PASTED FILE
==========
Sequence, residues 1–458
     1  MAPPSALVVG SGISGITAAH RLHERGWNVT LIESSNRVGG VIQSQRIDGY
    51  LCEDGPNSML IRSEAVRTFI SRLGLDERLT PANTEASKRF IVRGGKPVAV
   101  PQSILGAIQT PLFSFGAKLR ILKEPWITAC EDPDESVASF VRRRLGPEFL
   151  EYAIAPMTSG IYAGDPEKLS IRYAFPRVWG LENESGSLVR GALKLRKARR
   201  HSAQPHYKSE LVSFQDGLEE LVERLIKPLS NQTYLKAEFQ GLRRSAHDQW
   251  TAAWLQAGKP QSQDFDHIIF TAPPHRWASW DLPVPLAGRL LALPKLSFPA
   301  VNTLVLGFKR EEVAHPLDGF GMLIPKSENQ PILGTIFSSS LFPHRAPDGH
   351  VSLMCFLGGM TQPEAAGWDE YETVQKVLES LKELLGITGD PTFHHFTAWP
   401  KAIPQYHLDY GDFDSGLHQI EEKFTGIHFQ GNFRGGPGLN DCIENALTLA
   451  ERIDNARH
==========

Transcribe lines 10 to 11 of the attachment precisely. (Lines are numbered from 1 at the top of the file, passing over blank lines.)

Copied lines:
   401  KAIPQYHLDY GDFDSGLHQI EEKFTGIHFQ GNFRGGPGLN DCIENALTLA
   451  ERIDNARH